Time plays tricks stretching and expanding into the ether while ultraviolet rays zip through the ozone to warm a body. Each night I look forward to sleep on my hard cot where I lay and dream of the mountains and each morning I resist getting up. In class we are reading an essay called “Reconnecting with the Earth.” All my students help their parents in the fields and couldn’t believe American kids have never farmed. The savvy students can work the fields, sing and dance, and speak several languages. They are miraculously adept at life and enjoy a rich sense of humor.
The author wonders how his comrades are fairing around the Kingdom. He got a text from Sarah who hasn’t had electricity since a massive flood consumed Gasa. Perhaps her Antarctic stint has prepared her for such occurrences. Everyone is challenged in Bhutan and the author would like to pause to congratulate the hardworking group. His mind wanders back to his first afternoon in the kingdom, walking down the old valley road in Paro, laughing with Sheal. They got separated from the group and were lost looking for the lodge stopping a lone Drivers Ed car with the instructor dribbling bloody dolma juice down his chin. He directed them back up the hill past the twig arrow Iman had constructed to show the way…

“Cows is giving kerosene, kid can’t read he’s seventeen, the words he knows are all obscene, but it’s alright” Touch of Grey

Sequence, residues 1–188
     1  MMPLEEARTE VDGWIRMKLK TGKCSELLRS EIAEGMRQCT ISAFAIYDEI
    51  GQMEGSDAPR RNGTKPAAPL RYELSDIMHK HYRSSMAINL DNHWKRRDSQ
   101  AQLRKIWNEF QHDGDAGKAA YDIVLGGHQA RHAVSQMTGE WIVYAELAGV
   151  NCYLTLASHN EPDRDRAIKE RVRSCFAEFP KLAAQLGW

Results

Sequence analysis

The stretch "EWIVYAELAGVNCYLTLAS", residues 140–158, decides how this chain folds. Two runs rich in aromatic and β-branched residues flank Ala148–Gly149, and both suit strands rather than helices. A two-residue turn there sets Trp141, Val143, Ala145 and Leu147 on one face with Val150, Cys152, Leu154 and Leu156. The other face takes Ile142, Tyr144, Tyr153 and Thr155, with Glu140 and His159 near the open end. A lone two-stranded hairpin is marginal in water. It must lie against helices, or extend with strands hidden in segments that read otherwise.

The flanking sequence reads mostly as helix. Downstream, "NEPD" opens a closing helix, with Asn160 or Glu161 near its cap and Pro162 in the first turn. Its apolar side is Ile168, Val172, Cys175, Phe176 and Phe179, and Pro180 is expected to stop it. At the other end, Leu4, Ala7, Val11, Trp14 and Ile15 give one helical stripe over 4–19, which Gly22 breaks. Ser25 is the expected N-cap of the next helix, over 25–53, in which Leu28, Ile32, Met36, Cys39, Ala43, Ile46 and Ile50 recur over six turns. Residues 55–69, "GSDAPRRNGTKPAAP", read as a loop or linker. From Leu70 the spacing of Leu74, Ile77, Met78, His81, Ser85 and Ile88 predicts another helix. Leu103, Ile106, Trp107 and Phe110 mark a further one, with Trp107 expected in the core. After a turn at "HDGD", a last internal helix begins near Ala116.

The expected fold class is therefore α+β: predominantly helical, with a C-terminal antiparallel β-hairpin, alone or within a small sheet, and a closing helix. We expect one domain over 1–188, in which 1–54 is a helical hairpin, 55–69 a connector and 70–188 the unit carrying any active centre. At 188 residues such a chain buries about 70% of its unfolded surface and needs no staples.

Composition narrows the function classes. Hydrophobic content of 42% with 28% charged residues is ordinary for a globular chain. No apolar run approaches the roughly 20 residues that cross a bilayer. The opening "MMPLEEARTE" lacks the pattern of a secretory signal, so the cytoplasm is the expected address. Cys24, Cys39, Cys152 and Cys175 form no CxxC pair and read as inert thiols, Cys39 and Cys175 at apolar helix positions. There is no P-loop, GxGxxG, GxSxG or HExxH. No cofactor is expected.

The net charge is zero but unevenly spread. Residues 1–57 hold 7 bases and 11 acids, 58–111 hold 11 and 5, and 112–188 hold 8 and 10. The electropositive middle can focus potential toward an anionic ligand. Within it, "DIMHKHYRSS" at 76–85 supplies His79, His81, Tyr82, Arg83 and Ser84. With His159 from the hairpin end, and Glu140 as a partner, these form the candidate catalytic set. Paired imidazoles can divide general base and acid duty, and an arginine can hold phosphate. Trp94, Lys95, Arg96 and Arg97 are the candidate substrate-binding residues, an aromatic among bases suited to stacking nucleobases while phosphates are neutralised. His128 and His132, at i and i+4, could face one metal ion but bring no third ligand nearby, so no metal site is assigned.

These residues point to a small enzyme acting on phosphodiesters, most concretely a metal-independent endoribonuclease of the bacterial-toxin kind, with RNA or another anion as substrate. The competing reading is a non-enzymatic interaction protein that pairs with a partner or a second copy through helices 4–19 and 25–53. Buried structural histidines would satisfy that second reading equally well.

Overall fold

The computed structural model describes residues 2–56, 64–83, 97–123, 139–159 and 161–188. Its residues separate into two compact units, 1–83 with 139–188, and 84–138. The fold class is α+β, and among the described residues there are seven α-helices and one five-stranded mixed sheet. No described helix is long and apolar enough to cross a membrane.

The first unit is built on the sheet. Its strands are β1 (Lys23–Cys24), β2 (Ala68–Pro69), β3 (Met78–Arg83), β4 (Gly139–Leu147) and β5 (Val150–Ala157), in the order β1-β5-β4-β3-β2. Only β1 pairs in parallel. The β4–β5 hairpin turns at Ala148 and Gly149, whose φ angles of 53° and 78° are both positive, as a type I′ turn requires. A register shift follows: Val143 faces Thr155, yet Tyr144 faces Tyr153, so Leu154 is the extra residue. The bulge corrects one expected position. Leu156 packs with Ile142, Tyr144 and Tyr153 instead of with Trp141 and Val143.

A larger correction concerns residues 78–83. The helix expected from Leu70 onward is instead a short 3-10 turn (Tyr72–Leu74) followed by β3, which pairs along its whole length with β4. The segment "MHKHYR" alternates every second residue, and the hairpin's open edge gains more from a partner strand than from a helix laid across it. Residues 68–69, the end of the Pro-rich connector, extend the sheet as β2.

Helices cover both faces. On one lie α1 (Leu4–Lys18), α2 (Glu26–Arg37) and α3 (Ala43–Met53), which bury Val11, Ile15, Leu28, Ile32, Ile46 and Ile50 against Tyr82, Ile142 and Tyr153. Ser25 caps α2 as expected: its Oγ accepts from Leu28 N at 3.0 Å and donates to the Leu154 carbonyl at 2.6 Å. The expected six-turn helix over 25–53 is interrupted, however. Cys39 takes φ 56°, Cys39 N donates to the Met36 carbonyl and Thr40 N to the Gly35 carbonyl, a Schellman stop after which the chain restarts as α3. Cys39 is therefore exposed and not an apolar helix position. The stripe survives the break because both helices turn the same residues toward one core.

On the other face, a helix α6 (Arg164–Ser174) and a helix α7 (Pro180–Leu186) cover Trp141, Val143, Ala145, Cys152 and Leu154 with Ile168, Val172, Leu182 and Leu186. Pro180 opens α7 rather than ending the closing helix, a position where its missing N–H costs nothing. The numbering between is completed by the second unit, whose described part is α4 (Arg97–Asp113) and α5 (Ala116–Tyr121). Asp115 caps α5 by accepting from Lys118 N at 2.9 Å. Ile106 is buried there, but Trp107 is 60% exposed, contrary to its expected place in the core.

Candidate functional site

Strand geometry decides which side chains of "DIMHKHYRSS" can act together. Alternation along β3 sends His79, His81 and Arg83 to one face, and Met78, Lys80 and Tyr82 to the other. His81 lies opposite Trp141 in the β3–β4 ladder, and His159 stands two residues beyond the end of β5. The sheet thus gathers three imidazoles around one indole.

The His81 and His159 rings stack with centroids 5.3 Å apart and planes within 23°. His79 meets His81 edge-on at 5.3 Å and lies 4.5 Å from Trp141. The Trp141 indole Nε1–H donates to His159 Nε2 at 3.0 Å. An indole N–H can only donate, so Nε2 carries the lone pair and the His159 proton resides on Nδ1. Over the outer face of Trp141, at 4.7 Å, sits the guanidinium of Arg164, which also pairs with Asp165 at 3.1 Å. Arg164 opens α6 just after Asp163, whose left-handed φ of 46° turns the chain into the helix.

On my constitutional I was accompanied by a dozen class 3 and 4 students on their way to Shakshang which is an hour straight up a precipice from Zongdopelri. In the forest two old and drunken meme’s crept towards the temple spinning handheld prayer wheels and fondling rosary beads. They mumbled their mantras in faded ghos and gnarled bare feet. They spoke no English and one was nearly blind and carried a big walking stick. Their shriveled amber faces wrinkled in hearty laughter as they surveyed me and my troop of day scholars. It was a scene only found in the distant reaches of East Bhutan. We had another perfect day with puffy clouds layered over streaks of dragon smoke, a sapphire sky, and rainbow fragments. I am caught in a specific loop from Tsangma to Zongdopelri, to the grove and back to Tsangma. Along the way I stop at numerous outcroppings of rock, the lair of slumbering demons. Ravens croak along with the warbling of afternoon birds. While standing in any grove anywhere the energy swirls and eventually the eye lands upon the Queen or King. This grove is a mix of cypress and pine. The trees are tall if not thick but lush and comfortable with shrubs and ferns in the tangled undergrowth. The cypress needles resemble feathers that gently hang from branches like Spanish moss. Erect purple flowers dot the trail which is overgrown with thick summer grass. The pathway threads along a minor ridge overlooking the eastern valley with views of Tsenkharla and hidden heart shaped amulets tucked into the high slopes of the adjacent mountains. Once in a while one stumbles across an overgrown chorten with ancient artifacts sealed inside.  It is quiet with only the birdsong and whisper of the river three thousand feet below. From a distance the brass bell of Tsenkharla chimes to announce evening study for the boarders. As darkness falls I returned from my three hour sojourn refreshed and hypnotized but not before I plopped in the meadow by the gate to serenade a calf with “Touch of Grey.” It occurred to me that as much as I try I can never convey the beauty of my placement and my words are merely a weir against the flow of purity. There is an indefinable current here on the periphery of language and worship. While walking a fellow has all he needs in the simplicity of nature, including air to breathe and water to drink. Roaming through the final stretch of the forest I passed a traveling puja with a caravan of monks blowing whining horns and pounding drums as thick incense smoke filled the air.